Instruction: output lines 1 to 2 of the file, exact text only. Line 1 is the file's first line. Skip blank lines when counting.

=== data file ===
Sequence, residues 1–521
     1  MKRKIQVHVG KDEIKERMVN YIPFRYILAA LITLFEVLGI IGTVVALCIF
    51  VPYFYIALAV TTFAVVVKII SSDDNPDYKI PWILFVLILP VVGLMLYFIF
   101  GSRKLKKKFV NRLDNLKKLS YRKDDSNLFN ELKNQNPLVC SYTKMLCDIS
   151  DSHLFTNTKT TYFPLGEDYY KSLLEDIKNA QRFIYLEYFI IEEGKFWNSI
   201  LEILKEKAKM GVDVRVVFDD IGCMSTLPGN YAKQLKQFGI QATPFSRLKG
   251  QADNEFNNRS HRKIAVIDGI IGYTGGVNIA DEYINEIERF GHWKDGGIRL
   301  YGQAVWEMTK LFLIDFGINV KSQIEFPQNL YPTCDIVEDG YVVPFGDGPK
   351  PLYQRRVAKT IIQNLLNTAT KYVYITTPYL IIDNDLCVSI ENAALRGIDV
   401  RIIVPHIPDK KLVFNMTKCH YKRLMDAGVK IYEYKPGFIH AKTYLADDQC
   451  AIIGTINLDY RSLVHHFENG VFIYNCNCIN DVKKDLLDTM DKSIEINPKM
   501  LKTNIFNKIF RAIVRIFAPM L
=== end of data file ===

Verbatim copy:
Sequence, residues 1–521
     1  MKRKIQVHVG KDEIKERMVN YIPFRYILAA LITLFEVLGI IGTVVALCIF